you would most certainly not be wasting your time. i fed my first child jar food and also had the food rejection when we tried to introduce her to family foods. she's 11 years old and is still the pickiest eater and won't even try new things. my two sons were both weaned on home cooked foods and they will eat anything i cook, be it something new or tried and tested. it IS worth the extra effort in years to come.
oh, and if you are tempted to just use jars, maybe buy one beforehand and taste it for yourself and then make your mind up. (they are bland and tasteless, and the only way i can describe some of the meat varieties is "canned dogfood")
- 10 years ago
Well, I do a combo since I'm staying home and have the time and it saves us money. I've compared, but there's really not much difference nutritionally. I like knowing specifically what goes into my baby's body. I enjoy picking out the organic produce and taking the time to prepare it and freeze it for her. My 8 months old eats yogurt and tahini from the store, as well as baby cereal (easy to make your own, but I'm lazy). I really just do fruits and veggies. I'm frequently out with my baby, so I keep a few jars of baby food on hand because it's easier to deal with than frozen cubes. I buy the jarred baby food when it goes on sale (Target always has one brand or another on sale).
I don't think you're wasting your time. I certainly don't feel like I am and it really doesn't take all that long to do! I like having the best of both worlds and using both methods.
I loosely follow Ruth Yaron's "Super Baby Food Diet," which is a good resource of making and storing your own food. Another good site is wholesomebabyfood.com. Good luck!Source(s): superbabyfood.com wholesomebabyfood.com Personal experience
- CarbonDatedLv 710 years ago
There is no difference in nutritional value. The main difference is cost and convenience. Making your own is less than half the cost of purchased, jarred food. I recommend jarred foods over homemade if you are feeding baby away from home as sealed jarred food is free from bacteria.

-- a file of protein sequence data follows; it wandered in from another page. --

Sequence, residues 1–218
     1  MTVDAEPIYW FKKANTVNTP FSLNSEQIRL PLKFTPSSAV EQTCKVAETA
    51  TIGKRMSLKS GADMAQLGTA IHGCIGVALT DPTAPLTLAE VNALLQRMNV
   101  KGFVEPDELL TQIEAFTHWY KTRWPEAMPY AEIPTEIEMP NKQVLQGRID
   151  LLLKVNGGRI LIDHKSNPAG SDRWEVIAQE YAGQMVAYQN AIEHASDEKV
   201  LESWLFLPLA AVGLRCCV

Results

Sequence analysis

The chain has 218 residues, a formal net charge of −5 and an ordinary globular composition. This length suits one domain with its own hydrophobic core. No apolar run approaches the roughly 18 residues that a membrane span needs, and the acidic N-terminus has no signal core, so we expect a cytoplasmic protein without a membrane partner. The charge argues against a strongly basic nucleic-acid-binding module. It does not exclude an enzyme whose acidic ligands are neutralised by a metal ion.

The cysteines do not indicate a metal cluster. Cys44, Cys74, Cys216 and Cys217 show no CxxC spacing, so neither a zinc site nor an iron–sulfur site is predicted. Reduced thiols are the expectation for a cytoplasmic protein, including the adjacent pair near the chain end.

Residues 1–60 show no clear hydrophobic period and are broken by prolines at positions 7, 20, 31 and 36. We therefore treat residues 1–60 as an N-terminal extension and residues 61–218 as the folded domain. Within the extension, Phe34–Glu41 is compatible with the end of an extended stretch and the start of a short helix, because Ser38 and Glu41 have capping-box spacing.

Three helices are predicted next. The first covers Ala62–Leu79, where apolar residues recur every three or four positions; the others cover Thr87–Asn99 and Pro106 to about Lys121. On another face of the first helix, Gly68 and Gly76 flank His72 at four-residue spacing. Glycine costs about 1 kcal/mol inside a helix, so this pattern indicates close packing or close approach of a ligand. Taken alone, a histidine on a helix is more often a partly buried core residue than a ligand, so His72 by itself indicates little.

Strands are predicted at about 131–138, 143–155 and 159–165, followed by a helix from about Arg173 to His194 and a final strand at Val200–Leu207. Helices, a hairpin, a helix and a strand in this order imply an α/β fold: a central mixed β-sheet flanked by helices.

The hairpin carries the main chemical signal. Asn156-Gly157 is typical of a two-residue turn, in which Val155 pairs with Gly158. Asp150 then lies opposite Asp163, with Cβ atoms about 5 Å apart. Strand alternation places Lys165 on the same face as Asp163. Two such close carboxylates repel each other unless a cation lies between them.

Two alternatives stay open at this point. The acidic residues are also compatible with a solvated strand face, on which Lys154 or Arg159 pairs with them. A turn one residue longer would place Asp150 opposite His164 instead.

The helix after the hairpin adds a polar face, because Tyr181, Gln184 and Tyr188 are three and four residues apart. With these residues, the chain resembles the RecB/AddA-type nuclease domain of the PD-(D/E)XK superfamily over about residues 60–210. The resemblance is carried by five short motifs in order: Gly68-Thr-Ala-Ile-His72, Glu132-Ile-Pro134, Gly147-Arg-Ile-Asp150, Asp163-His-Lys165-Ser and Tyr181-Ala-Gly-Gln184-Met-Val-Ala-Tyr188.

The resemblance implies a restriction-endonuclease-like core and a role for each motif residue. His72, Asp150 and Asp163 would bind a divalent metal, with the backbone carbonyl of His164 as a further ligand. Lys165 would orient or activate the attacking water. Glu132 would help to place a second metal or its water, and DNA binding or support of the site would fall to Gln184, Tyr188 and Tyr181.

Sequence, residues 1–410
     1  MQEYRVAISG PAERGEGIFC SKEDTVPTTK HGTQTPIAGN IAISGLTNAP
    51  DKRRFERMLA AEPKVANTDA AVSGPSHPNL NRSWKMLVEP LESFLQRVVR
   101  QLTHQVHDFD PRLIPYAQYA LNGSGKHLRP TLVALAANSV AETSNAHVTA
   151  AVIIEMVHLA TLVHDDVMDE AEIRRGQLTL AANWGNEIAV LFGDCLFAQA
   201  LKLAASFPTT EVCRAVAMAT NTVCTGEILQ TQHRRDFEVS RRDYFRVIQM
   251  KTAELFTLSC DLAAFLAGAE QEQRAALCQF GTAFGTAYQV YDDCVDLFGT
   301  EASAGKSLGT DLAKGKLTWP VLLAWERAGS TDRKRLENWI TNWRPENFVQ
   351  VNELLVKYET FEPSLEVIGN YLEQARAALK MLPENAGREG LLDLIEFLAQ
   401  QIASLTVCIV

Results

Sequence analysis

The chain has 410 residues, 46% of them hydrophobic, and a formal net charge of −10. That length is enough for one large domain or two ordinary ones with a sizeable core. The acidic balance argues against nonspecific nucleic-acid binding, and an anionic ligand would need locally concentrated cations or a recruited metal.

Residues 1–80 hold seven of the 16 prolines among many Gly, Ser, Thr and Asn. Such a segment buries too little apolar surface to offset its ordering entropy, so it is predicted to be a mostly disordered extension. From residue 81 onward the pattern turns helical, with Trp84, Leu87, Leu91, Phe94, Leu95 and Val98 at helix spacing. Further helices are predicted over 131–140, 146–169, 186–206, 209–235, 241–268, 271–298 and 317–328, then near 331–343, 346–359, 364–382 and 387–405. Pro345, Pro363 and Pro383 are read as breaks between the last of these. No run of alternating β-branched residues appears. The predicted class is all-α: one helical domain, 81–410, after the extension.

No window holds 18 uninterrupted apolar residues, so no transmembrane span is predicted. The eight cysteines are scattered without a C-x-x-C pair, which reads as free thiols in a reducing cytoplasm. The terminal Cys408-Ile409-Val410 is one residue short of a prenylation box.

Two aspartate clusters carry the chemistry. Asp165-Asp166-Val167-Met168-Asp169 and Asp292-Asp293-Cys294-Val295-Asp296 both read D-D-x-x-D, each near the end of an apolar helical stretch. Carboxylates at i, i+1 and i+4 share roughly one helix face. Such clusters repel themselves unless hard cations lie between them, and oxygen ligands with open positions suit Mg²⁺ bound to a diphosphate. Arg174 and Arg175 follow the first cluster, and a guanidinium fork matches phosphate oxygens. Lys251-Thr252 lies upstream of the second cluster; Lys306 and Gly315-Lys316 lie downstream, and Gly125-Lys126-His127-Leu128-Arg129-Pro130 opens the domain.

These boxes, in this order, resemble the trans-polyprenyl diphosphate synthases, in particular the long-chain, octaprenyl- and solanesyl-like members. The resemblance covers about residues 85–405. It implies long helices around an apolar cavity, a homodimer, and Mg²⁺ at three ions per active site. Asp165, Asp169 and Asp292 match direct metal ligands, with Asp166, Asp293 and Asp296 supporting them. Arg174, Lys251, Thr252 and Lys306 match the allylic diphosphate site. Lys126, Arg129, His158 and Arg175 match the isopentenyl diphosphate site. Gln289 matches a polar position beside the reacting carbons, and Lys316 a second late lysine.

Your family IS correct that the baby food industry have eliminated most of the issues that parents complained about such as salt and fillers. Pureeing meat IS more difficult unless you have a blender or baby food grinder.
How tough is it to take a banana and mash it? Mom can eat the rest of the banana. You can make applesauce in a microwave in 3-5 minutes. Again, mom can eat the rest.
- :)Lv 610 years ago
Well, overall with vegetables and fruit the fresher it is the higher the nutritional value plus fresh foods are higher in antioxidants. It's not a HUGE difference but, for me it was worth it to make my own. I didn't even freeze my purees - I made them daily and fresh. Sometimes I had to buy jarred, in this case I bought Earth's Best or Gerber Organic (not Gerber often). I have talked to nutritionists at the hospital I work at and they'll all agree the homemade or fresh is better but, most jarred is not bad.
Plus you know exactly what's in the food when it's homemade. No need to worry about recalls and such, not to mention horrible perervatives in some jarred foods. I buy organic produce,btw.Source(s): Nicu nurse, and mommy
- 10 years ago
I do both. My daughter will not eat homemade food if its been frozen. And I can't always make something baby friendly fresh each day. So I use a mix of both. Also, where I live the cost of fruits and some veggies is through the roof this time of year. So its way cheaper for me to buy rather then make. We are however moving in 3 weeks back to our hometown where things are much cheaper so she will be eating way more fresh foods which is great.
- LaylaLv 410 years ago
Nutrition wise, they're supposed to be the same, however they're all of the same consistency whereas if you puree your homemade food, the texture will be slightly different each time which helps when you begin to give lumpier foods because they're more used to textures. Also, in homemade food, you can give them a little taster of ingredients you like to eat a lot of eg. if you like a lot of garlic, you can start giving them a taste for it. I give my son homemade food most of the time but I always have some jars in as a back up, just in case we happen to have a take away one night or whatever, but he always seems to enjoy the homemade food more! x